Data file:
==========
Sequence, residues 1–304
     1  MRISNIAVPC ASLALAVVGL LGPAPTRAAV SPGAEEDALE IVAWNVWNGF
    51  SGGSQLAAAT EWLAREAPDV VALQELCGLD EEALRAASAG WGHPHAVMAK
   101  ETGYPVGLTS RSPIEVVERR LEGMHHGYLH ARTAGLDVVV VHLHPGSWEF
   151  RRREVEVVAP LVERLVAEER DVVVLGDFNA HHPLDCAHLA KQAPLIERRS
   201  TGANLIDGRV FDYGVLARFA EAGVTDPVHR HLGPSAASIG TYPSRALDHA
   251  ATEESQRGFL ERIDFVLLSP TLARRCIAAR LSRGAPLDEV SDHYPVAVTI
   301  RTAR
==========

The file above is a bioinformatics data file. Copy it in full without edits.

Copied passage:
Sequence, residues 1–304
     1  MRISNIAVPC ASLALAVVGL LGPAPTRAAV SPGAEEDALE IVAWNVWNGF
    51  SGGSQLAAAT EWLAREAPDV VALQELCGLD EEALRAASAG WGHPHAVMAK
   101  ETGYPVGLTS RSPIEVVERR LEGMHHGYLH ARTAGLDVVV VHLHPGSWEF
   151  RRREVEVVAP LVERLVAEER DVVVLGDFNA HHPLDCAHLA KQAPLIERRS
   201  TGANLIDGRV FDYGVLARFA EAGVTDPVHR HLGPSAASIG TYPSRALDHA
   251  ATEESQRGFL ERIDFVLLSP TLARRCIAAR LSRGAPLDEV SDHYPVAVTI
   301  RTAR